During Mr. Bush's presidency, attitudes among America's main allies swung sharply pro then con – though now show some signs of a return to normalcy and a renewed recognition of the role the US plays in Europe and the West, many experts here say.
The trip takes place amid what one German official calls an "astounding" interest in the US presidential elections, and a palpable readiness for change at the top in Washington.
Goodbyes to Angela Merkel in Berlin, Silvio Berlusconi in Rome, and Nicolas Sarkozy in Paris, where Bush will push hard for help at a June 12 Afghan donor conference – will showcase Bush's newly affirmative relations with key heads of state here.
"The likelihood of major progress on any significant issue in play is pretty low," says Charles Kupchan of the Council on Foreign Relations in Washington. "But US-European relations are coming around. If you told me three or even two years ago that Bush would go to Germany in 2008 and get a positive response, I wouldn't have believed it."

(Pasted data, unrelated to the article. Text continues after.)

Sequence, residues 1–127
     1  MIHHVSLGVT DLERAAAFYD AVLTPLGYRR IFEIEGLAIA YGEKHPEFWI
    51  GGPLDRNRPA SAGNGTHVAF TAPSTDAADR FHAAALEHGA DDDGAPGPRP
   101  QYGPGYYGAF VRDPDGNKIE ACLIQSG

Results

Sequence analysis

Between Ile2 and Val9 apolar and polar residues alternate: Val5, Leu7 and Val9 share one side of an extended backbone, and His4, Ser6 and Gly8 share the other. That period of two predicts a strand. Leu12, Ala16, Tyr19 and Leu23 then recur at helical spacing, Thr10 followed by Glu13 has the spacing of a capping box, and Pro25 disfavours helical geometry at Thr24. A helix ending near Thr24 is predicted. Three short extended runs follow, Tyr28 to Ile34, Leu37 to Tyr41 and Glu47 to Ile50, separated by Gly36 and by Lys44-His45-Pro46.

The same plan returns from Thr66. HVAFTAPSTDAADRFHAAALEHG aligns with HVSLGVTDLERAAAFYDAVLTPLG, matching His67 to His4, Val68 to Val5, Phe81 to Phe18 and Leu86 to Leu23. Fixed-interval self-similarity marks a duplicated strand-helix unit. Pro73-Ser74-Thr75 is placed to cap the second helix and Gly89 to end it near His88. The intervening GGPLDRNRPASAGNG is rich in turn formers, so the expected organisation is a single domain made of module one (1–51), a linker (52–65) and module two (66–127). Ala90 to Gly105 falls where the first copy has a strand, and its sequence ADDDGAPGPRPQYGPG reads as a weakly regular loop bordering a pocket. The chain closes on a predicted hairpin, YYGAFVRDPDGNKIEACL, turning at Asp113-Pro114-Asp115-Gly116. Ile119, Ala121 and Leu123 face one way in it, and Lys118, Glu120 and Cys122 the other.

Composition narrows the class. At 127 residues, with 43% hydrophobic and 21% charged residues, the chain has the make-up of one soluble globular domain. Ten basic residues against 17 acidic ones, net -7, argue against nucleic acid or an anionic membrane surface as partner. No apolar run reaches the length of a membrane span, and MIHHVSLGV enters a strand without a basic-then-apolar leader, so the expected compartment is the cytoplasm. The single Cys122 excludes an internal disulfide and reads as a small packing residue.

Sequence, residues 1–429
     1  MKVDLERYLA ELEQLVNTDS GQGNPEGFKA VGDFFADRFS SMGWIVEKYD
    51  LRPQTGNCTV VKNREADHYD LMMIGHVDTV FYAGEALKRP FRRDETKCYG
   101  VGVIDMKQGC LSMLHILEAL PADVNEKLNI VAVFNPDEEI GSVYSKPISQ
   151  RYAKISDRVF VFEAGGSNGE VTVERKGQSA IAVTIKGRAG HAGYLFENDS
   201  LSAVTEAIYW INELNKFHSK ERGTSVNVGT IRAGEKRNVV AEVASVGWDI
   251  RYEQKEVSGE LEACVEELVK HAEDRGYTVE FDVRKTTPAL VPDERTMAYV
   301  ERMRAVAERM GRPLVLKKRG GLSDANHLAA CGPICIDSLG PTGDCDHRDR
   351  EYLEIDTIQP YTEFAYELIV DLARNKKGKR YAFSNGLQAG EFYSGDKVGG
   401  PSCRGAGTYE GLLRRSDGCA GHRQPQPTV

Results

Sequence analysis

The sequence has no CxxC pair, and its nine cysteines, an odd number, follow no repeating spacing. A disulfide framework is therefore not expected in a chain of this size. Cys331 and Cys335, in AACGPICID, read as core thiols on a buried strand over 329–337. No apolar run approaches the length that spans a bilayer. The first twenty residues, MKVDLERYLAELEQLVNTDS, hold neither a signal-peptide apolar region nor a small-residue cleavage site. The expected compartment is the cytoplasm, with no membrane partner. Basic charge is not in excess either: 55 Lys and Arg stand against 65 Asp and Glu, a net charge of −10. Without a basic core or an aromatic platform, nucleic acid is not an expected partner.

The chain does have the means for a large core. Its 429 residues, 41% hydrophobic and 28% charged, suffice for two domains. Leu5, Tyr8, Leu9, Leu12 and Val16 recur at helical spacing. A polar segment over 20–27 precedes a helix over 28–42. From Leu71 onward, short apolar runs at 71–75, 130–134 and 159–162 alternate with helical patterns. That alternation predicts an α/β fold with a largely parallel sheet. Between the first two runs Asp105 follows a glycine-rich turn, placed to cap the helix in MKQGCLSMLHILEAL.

Bush touches down Tuesday in Germany, where Chancellor Merkel will host him for dinner at a small castle outside Berlin. For much of the past six years, nearly sacrosanct US-German relations were in low ebb. Though some 200,000 Germans rallied in support of the US at the famed Brandenburg Gate after 9/11, goodwill turned to disdain after the Iraq invasion. The problem went far past the image of America, to serious and widespread disagreement with US policy on the Continent.
It was what author and longtime Europe-watcher Elizabeth Pond termed the "near death" of the transatlantic alliance in her 2003 book.
Today, however, what appeared to be an "unbridgeable gap" has been replaced by "a spirit of calm, pragmatic cooperation," says Constanze Stelzenmuller of the German Marshall Fund in Berlin. In Europe there's a "rational realization that the areas of agreement are substantial, and that the Europeans and the Americans will often, but not always, need each other."
'The West needs US leadership'
The US elections, the crisis in Iraq and Afghanistan, and worry about chaos ranging from terrorism to natural disasters to financial markets has raised anew a discourse in Europe's political class about America's role. Says a longtime German insider, "The political class realizes the West needs US leadership, despite what protesters say. Even after the US screw-up in the Middle East they feel the US is needed there."